Feb 222013

image001(2)Dr Frederick Frankenstein : “For the experiment to be a success, all of the body parts must be enlarged.”
Inga: “His veins, his feet, his hands, his organs vould have to be increased in size.”
Dr. Frederick Frankenstein: “Exactly.”
Inga:  “He would have an enormous schwantzstuker.”
Dr. Frederick Frankenstein: “That goes without saying.”

By Rich Lindbloom 

My wife and I went on a vacation with some good friends in Whistler, B.C. several years ago. While there, we mountain biked, golfed, hiked and horseback rode in that beautiful neck of the woods. Now normally on horse rides, you follow the horse in front of you at a very casual pace. On this ride however the cowboy asked us “do you want to trot?” Everyone was up for it, including myself, despite having what I called at the time, a groin pull.

Well, after the first trot I realized I couldn’t really squeeze my legs together to stay firmly on the horse. I found myself bouncing up and down on the beast, and most of the time I was coming down when Mr. Ed was going up. Not good. To compound matters I think the ca-boy, in a sick display of sadism, rigged my saddle so my stirrups were hard to reach. When we took a break, I quietly asked him how he dealt with the constant pounding and he just smiled and said, “You’ve got to learn to suck-em in.”

That solution proved to be quite ineffective because those things just don’t retract like an airplane landing gear. Maybe Canadian cowboys are different; all I know is I was in constant pain. By the last trot we did that day, I had enough.  I tried to make my horse come to a stop, but he was ignoring my pleas of “Whoa!” (Hell, it worked for the John Wayne) The cowboy looked back and hollered “Is everyone ok?” I hollered as loud as I could, “No!”  It was then our friend Pat shouted, “He said go!” Apparently her shouts of “Go!” were louder than my pleadings of “No!” because we kept loping along until we spotted finally spotted the stable. Pat was about as funny as a flash flood in a Fizzies factory.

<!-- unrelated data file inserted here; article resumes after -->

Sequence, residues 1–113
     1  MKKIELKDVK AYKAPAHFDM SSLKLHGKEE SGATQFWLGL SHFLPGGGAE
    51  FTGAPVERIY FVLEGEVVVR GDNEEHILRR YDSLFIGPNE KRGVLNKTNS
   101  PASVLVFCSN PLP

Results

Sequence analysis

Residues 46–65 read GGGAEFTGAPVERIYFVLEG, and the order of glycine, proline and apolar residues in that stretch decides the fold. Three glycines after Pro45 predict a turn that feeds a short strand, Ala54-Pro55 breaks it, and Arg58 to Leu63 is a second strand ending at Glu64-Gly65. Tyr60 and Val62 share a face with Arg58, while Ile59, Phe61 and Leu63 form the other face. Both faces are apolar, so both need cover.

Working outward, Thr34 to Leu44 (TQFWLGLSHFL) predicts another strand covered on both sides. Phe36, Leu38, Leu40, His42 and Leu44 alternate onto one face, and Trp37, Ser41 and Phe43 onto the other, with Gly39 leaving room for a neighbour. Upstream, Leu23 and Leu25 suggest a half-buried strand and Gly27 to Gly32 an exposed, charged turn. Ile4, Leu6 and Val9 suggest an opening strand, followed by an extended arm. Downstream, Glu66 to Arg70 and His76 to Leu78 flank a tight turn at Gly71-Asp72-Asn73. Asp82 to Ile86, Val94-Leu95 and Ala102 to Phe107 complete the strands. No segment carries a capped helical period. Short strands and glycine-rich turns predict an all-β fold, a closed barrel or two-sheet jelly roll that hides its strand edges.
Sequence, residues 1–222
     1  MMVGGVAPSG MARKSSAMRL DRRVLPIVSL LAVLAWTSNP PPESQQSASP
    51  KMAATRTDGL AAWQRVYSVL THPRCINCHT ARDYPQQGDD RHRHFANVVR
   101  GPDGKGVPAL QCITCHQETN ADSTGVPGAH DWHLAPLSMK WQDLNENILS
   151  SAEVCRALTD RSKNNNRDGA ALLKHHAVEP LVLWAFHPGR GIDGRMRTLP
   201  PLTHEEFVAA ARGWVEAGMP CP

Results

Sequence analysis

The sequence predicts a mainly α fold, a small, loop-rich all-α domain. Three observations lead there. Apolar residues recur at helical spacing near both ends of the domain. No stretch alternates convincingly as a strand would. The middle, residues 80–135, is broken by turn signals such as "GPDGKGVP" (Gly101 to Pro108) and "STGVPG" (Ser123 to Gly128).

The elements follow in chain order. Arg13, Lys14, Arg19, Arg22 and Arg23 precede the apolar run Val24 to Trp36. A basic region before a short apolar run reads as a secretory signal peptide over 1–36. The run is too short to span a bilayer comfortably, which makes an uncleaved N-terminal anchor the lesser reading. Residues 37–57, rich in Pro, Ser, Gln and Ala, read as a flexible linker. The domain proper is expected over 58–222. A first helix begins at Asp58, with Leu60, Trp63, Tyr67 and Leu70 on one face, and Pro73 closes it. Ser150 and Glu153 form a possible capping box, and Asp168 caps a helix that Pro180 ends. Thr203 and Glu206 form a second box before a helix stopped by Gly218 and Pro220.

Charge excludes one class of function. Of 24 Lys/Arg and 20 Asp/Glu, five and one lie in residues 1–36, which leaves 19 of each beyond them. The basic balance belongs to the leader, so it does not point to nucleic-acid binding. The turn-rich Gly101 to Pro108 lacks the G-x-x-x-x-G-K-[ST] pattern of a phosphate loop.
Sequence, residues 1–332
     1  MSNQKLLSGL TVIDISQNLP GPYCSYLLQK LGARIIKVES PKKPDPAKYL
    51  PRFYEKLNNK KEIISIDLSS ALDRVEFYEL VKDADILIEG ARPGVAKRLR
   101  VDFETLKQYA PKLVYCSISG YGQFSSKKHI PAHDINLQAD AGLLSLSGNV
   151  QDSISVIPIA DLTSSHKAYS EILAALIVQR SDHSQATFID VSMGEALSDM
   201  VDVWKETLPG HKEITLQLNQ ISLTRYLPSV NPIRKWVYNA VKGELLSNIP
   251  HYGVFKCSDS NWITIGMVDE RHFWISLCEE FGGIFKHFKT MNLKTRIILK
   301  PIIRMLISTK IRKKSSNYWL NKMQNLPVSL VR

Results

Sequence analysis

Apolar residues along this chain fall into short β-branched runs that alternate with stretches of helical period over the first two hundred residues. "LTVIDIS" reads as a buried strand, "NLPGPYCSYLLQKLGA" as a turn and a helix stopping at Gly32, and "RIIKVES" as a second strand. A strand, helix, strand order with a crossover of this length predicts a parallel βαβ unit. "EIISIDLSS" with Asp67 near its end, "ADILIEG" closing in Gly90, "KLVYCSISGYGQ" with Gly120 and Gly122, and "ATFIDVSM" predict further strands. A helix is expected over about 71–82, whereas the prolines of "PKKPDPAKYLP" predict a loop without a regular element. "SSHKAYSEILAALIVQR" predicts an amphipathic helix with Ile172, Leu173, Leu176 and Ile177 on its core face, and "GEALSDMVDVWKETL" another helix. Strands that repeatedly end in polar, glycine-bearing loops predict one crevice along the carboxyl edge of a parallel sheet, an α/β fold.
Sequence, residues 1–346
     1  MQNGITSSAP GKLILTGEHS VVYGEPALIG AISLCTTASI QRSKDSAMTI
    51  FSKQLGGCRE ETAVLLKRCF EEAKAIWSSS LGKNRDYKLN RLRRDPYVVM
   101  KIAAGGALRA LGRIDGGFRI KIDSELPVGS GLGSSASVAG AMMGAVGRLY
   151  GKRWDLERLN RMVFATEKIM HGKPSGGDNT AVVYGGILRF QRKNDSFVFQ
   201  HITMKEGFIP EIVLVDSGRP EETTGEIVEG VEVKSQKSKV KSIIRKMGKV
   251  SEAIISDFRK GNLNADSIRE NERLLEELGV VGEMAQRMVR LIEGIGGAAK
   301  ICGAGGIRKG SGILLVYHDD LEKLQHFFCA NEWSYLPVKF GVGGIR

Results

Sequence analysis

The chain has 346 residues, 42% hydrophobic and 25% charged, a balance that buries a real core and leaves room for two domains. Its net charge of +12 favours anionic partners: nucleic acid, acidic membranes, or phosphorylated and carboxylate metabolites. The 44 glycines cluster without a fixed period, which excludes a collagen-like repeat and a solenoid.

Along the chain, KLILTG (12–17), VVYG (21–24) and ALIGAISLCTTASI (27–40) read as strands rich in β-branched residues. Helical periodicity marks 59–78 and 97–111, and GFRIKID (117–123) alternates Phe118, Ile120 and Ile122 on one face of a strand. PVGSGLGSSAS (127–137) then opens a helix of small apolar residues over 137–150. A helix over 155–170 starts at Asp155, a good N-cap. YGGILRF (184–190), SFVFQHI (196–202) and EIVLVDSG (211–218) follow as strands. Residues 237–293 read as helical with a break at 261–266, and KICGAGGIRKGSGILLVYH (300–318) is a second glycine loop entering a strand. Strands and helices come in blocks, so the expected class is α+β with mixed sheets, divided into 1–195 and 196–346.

After assessing the damage over a beer or two, my friend Bob and I decided to pre-rent mountain bikes for the next day. The guy in the shop asked us if we wanted the regular bike, or if we wanted to upgrade to the one with dual shocks. I explained the dilemma I faced earlier in the day and gladly forked over the extra money for the smoother ride – if there is such a thing when your barreling down a mountain over logs and rocks. With a smirk on his face the young salesman said, “You got a bit out of time, did ya?” He suggested a frozen bag of peas as a sure fire remedy.